Although we might be convinced in principle that the use of torture should be banned, are there not however special cases – such as the « ticking bomb » - when these principles should be relaxed? We might indeed be tempted by this “exceptional” use of torture. I need not mention the many wise and astute arguments that Eric Prokosch, former adviser to Amnesty International, put forward against the ever-present temptation to sweep away the principles of “idealists and monks” in favour of « pragmatism, swiftness and efficiency » when society is under threat. To my mind, a decisive argument against this idea is: who will establish the boundary between what is exceptional and what is normative, between a temporary measure and a permanent one? Resorting to torture even in exceptional cases would inexorably lead to the trivialisation of intentional physical abuse within the prison system and would feed a culture of barbarism within the whole of society. Therefore a respectable end - public safety - which is claimed in order to justify the use of torture will never be either honoured or reached.

Those responsible for public affairs - and public safety in particular - must face up to their ultimate responsibility and remain vigilant as to the methods employed, for these are revealing of a certain view of humanity shared by society. The teachings of the New Testament – and particularly the story of the adulterous woman (John 8, 1-11) – show us that the God of Jesus Christ is not a God who is cruel and quick to judge but a God filled with patience, mercy and love for humanity. One of the most beautiful titles given to God in the Byzantine liturgy is “philanthropos Theos (God, the friend of humanity)”. In the very image of the Creator whose enduring imprint we bear within us, we are called upon to fulfil our humanity by respecting others, which excludes absolutely all use of torture whatever the circumstances. To be an official or agent of the State does not mean abdicating one’s conscience and renouncing one’s humanity. On the contrary, the danger of becoming an impersonal cog in an inhuman machine that chews up and spits out human beings must prompt greater vigilance in order to refuse courageously to commit acts that would lead to barbarism.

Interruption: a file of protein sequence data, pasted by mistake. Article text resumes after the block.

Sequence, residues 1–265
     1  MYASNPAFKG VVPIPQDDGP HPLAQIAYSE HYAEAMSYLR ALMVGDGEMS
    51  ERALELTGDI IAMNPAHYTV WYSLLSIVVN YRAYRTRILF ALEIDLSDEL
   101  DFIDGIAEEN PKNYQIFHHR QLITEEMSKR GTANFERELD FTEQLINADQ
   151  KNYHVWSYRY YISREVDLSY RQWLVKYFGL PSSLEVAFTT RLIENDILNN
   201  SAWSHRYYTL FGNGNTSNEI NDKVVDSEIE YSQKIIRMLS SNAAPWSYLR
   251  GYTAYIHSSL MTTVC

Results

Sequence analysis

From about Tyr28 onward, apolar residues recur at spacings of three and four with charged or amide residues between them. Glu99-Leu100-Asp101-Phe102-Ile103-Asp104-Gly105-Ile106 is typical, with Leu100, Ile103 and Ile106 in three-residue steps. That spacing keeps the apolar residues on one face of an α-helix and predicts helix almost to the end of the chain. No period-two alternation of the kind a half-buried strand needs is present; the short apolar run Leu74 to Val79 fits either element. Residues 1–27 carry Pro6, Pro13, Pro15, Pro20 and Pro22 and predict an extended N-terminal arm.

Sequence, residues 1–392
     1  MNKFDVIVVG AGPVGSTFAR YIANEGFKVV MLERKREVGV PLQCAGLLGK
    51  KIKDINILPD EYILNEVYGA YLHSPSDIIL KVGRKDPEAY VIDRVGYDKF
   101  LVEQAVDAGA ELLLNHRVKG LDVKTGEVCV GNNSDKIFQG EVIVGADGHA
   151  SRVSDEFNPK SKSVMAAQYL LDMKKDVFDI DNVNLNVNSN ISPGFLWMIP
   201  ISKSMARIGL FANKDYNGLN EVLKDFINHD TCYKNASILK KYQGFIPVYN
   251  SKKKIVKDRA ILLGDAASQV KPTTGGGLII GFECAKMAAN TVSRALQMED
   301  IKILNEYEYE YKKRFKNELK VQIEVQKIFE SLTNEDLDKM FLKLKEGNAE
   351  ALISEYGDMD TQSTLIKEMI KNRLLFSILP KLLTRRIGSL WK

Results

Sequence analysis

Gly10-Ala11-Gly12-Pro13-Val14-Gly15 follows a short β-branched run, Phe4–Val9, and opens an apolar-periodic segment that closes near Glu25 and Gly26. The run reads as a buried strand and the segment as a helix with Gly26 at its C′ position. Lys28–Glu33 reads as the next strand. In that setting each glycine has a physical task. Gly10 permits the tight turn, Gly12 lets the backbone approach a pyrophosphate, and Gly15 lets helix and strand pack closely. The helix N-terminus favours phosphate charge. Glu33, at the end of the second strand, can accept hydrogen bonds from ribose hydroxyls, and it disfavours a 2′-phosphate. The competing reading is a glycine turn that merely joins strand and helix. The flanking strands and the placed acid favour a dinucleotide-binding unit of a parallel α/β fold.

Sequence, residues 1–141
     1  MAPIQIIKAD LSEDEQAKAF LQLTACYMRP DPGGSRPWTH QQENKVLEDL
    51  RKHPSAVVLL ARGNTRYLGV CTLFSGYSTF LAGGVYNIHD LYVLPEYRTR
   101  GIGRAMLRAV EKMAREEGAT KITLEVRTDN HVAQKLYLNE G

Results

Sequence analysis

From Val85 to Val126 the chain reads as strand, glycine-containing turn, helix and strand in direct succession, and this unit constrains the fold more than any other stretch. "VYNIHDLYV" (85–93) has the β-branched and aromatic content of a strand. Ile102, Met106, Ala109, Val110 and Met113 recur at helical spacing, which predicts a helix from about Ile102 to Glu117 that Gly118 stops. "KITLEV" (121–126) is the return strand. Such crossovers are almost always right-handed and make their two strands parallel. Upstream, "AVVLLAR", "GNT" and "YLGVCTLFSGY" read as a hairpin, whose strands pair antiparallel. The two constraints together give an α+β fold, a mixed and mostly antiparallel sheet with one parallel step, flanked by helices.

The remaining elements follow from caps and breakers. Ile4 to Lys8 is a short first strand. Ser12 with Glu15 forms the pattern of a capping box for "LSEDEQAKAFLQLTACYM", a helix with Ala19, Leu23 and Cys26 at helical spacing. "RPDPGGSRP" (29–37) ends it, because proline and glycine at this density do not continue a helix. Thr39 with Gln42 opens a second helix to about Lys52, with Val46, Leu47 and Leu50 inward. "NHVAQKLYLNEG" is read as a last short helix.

I should like to finish with a film reference. In the film “Rome, Open City” by Italian film director Roberto Rossellini, I remember a close-up, striking in its realism, of the face of the young communist after he has been tortured by the Gestapo: it is a Christ-like face. I believe that this unforgettable image is more eloquent than many words. In a way, torture amounts to resuming and pursuing unconsciously the court lynching during which Pontius Pilate’s soldiers humiliated the Kingship of Jesus – except of course that Jesus accepted willingly to be beaten and spat at because of his love for every one of us. Henceforth, any act of torture was aimed at putting down the very Kingship residing within human beings, while forgetting the words that were spoken: “They know not what they do” (Luke 23, 34).

 

 

Michel Stavrou

Professor at the Saint-Serge Institute of Orthodox Theology in Paris